Reviews Revenge Strike.Smother.Dehumanize

Revenge

Strike.Smother.Dehumanize

At this point Canadian extreme metal malcontent J. Read has had two entirely different but noteworthy careers. The man (something I assume he identifies as, and not a woodlen spirit, demon, or other apparition) helped to invent one of the more punishing confluences of metal subgenres as the vocalist and drummer for pioneering war metal generals Conqueror, and since 2000 has continued his assault upon the human senses with his raw black metal project Revenge. It’s difficult to compare the two projects side-by-side in terms of both sound and legacy (especially since the former essentially invented its own genre designation), but that’s not my goal in invoking both bands in a single sentence. Rather my point is to illustrate that J.Read has always been an outside trendsetter and someone who impacts the tone of certain conversations even when he is not directly involved with them. Case in point, his current band Revenge rests as the outside edge of accessibility for many metal fans, and holding that position for twenty years, engaging a community while holding it at arm’s length, is something that few, very few in fact, musicians can hope to (or even desire to) accomplish.

Strike.Smother.Dehumanize is the sixth album by Read for Revenge and second after signing with Season of Mist. It’s been a minute since 2015’s superb Behold.Total.Rejection and there have been a few changes to the band’s sound between these releases. For starters, the compositions on S.S.D are much more spaced out and the production is notably crisper. Elements of death metal that Read has toyed with on previous releases feel much more prominent here as well, making the album feel more like a death metal record with black metal guitars at times, than the other way around. In full disclosure, what I like most about Revenge’s sound felt perfected on B.T.R, the production was thick and noisy, the guitar work felt frenzied and dangerous, like having your head too close to the blades of a wheat-thresher, and the death growls and frantic black metal squalls worked in tandem to disorient and terrorize your headspace. There was also a lot more bass in the mix, especially in the vocals, and this helped give the record an overall more forceful feel. S.S.D exhibits a little more of a back-to-basics approach, taking us back to the thinner production and septic crust punk performances of Triumph.Genocide.Antichrist. It’s a bit of a gamble to reverse course after finding so much success with a previous sound, but Read’s rouge tendencies have paid dividends in the past, and continue to do so on S.S.D.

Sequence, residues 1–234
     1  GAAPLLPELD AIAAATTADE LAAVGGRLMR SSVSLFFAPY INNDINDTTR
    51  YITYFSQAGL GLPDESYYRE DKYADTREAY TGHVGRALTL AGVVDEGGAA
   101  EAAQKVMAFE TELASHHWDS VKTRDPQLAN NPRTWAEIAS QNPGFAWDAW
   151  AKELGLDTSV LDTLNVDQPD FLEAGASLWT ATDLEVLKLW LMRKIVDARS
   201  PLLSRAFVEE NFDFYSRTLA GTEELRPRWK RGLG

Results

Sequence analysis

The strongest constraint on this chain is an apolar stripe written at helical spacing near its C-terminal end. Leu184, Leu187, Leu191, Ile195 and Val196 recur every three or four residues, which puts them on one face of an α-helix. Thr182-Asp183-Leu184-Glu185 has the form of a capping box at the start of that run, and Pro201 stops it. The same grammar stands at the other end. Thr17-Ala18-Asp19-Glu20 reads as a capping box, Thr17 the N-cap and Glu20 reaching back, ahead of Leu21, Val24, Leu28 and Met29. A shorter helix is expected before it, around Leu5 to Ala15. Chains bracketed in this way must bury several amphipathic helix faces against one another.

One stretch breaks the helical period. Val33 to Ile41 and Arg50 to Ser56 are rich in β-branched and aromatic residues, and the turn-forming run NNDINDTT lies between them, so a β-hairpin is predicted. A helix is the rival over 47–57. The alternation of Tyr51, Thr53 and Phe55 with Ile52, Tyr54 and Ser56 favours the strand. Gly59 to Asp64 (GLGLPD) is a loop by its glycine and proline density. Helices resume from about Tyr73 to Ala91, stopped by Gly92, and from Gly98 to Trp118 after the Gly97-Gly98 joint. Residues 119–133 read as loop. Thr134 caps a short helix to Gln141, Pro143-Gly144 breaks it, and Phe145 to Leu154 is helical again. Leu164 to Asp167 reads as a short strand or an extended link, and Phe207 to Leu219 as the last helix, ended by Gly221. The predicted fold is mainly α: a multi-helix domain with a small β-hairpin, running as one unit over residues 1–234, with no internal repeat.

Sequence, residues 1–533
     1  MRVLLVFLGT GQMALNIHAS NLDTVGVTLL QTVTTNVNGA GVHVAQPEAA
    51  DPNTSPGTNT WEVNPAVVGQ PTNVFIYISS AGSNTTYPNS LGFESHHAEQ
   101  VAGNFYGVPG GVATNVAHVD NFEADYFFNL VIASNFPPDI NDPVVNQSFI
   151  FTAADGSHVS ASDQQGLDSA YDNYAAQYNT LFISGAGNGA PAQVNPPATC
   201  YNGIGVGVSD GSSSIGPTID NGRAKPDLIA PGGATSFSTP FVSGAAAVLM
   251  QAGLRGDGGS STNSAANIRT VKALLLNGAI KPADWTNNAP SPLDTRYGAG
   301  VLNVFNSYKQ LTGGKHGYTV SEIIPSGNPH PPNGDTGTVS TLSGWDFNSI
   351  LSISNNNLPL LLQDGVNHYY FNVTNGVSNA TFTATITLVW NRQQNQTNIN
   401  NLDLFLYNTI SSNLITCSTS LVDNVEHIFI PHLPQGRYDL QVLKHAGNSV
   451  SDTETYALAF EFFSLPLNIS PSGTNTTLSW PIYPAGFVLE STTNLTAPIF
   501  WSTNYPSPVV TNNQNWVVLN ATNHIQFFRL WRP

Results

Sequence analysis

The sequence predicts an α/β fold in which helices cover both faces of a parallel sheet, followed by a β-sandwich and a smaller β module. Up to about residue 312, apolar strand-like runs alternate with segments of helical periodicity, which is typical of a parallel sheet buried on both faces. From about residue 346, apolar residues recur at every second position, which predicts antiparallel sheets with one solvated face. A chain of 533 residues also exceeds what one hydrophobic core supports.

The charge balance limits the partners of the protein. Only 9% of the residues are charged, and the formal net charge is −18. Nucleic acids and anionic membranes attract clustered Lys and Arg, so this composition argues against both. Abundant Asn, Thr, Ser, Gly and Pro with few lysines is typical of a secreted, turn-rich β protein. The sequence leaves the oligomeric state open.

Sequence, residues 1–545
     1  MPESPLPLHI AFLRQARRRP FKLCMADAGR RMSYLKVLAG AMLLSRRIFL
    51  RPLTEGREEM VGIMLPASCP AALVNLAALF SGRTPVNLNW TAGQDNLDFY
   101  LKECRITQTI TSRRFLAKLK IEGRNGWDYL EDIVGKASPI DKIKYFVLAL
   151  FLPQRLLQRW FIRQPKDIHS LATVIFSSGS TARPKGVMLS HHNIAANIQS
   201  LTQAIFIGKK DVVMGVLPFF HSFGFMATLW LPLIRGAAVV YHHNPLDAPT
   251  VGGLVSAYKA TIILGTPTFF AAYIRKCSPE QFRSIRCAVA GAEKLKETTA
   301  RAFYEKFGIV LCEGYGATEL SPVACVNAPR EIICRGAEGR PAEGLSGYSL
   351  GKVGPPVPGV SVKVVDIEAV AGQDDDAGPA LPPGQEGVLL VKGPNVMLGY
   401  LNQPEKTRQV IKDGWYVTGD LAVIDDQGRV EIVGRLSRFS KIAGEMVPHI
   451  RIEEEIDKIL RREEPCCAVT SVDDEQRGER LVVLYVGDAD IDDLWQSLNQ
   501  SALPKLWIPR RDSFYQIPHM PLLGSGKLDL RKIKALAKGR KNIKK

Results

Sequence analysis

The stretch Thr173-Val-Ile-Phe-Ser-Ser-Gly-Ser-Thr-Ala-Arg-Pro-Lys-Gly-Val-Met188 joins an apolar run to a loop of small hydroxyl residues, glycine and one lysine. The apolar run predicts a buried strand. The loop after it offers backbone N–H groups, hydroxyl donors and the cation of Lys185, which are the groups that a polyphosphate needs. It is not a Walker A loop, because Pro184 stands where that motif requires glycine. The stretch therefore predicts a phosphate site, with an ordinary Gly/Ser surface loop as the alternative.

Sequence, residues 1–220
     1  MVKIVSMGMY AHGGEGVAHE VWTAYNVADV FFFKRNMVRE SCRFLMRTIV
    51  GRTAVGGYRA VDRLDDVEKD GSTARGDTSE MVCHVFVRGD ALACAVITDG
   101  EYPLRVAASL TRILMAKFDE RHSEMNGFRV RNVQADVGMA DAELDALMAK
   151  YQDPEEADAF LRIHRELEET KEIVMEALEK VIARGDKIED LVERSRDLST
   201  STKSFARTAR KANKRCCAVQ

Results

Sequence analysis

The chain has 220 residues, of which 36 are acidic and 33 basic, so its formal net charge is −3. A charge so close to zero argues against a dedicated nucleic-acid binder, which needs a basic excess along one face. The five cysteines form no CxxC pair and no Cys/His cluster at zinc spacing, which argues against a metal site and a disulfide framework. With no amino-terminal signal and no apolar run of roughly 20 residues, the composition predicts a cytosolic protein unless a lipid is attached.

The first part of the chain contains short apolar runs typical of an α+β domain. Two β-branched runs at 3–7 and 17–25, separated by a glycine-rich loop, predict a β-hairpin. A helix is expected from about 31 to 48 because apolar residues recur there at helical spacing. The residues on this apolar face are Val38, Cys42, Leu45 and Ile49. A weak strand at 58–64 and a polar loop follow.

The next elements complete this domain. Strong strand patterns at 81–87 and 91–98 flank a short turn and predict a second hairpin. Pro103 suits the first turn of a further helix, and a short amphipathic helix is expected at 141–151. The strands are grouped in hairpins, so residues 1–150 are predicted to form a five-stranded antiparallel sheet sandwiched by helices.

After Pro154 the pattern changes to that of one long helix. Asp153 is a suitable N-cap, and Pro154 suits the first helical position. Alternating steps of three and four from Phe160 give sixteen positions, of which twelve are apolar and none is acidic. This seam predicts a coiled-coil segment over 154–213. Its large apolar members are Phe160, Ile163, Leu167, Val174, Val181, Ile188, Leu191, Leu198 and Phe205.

The opener, “Reaper Abyss (Real Rain)” wastes no time easing you into the record, beginning with Read’s horse screams landing at the same time as the first bludgeoning beat, and glides through claps of guitar strikes in a downpour of distortion and gusty death vocals, that sell the hell out of the “midnight raid by horseback in the pouring rain” vibe of the track. This conquering cavalry charge is followed by the hateful, human-spirit squelching “Reign Power (Above All Born),” which floods the senses with misanthropic, acidic distortion through doom-laden grooves that hook you in the ribs, capturing you to be lowered into a hungry lion’s den for Read’s amusement. The death metal elements of Revenge’s sound come to fore on “Human Animal” which has some of the most revolting vocal interplay on the entire album, while “Lightning Mythos” shows more of its indebtedness to bands like Immolation than I think it means to, with grinding guitar work that will grate the flesh clean off your face and stomp the ribbons it peels off your skull's facade into a pulpy pool of ketchup with a threatening, breakdown groove. Later “Salvation Smothered (Genocide of Flock)” prowls through Darkthrone’s doom-crust back-catalog hunting for orphans to kidnap and raise as its own, and “Self Segregation (System Torched)” straps you down with a hardcore punk groove and drags it through ten miles of barbed wire, broken glass, and zombie rottweilers, only to pause long enough for a bridge solo to wind-up and torch you with heinously busy and sharp guitar tones, and then does it all again on “Death Hand (Strike Dehumanization).” On S.S.D, Revenge will Strike you, smother you, and dehumanize you, although not necessarily in that order.

S.S.D stands a rebuke to critics who are of the belief that Read has been making the same album for the past twenty-odd years, demonstrating his ability to make the most loathsome elements of his sound and discography sound fresh, urgent, and dangerous. Even if this won’t become my favorite Revenge record, it is still a record that I am thrilled to have as part of my collection. A singular masterwork of humanity annihilating sound.

7.7 / 10Mick R.

Mick is always writing about something he's heard. Possibly even something you'd like. You can read his stuff over at I Thought I Heard a Sound Blog.

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7.7 / 10

7.7 / 10

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